Our initial plan was to hope that hCG dropped to zero on it's own and proceed with another Femara/IUI cycle....pretty easy right. However, since it didn't, I was given two shots of a chemotherapy drug called methotrexate to make sure the embryonic cells stop diving, and that the embryo doesn't continue growing. If we did nothing, the pregnancy could continue to linger, possibly grow a little more inside of the fallopian tube, and could cause tubal rupture and could be life threatening. The only other option to end the pregnancy would be to do surgery to
physically go in and remove it. No way I am going to choose surgery over
a simple shot, especially when surgery has it's own risks. Hubby and I asked A LOT of questions about the methotrexate, and all parties determined this is the easiest and best option for us to make this end as quickly and safely as possible. It's pretty standard protocol for ectopic pregnancies actually.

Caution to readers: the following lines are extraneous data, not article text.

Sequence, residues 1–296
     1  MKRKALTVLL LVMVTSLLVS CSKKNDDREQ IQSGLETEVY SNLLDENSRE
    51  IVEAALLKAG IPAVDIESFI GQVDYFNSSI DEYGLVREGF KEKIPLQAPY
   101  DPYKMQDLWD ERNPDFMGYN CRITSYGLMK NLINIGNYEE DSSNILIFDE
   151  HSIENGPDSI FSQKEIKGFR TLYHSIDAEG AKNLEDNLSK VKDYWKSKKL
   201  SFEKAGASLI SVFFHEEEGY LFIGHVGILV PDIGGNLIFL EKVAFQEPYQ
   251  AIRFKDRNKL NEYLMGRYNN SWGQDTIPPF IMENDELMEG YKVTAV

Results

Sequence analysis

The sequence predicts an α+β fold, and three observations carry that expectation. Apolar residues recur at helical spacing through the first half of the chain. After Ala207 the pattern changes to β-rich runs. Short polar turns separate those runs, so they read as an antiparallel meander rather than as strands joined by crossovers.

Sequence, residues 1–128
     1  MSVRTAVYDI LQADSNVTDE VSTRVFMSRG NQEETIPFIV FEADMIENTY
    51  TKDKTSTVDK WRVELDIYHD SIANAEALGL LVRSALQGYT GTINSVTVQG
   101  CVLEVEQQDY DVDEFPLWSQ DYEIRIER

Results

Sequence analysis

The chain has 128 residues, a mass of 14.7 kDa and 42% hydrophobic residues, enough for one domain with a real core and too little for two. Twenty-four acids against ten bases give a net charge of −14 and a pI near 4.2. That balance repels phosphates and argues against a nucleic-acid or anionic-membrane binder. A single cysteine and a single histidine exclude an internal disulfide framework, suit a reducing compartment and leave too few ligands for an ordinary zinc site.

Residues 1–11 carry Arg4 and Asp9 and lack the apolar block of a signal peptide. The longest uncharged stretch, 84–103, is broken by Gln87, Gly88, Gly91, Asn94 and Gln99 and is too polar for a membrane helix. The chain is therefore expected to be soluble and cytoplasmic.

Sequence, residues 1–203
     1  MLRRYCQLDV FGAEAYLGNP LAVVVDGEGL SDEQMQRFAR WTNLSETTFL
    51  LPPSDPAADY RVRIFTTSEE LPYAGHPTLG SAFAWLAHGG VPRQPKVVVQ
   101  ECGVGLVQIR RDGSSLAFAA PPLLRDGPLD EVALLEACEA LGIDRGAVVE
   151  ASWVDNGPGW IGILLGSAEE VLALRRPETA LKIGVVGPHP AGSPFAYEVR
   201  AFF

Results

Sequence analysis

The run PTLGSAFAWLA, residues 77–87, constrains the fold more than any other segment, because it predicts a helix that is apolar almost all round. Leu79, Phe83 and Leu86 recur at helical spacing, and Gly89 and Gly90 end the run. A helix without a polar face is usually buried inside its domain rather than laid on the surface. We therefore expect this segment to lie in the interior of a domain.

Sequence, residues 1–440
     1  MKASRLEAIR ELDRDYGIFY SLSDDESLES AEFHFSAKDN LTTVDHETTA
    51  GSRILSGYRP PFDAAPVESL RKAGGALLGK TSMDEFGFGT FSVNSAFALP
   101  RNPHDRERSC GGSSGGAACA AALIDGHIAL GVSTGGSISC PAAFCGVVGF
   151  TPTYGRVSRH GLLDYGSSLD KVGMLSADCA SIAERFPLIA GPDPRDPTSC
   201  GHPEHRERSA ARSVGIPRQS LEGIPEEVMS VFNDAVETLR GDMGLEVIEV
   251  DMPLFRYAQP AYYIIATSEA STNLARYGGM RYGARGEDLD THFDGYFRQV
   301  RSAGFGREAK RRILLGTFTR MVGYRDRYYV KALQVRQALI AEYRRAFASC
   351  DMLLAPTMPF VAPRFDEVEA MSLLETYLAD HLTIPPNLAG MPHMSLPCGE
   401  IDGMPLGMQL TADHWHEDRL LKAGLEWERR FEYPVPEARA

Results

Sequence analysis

The other big game changer is finding out that obviously something is obstructing at least one of my tubes that we know of at this point. People who experience ectopic pregnancy have more trouble getting pregnant AND are more likely to have another ectopic pregnancy in the future. Because of that, our doctor's recommendations going forward have also changed. Yep, you guessed it....IVF. I never thought we'd get to this point, and I really hoped we wouldn't, but now it is looking like the smartest course of action.
In Vitro Fertilization was actually invented as a sole treatment for people with blocked fallopian tubes, but it's now used for many more infertility related diagnoses including:
-sperm production, number, or function
-diminished ovarian reserve
-abnormalities involving the uterine cavity or cervix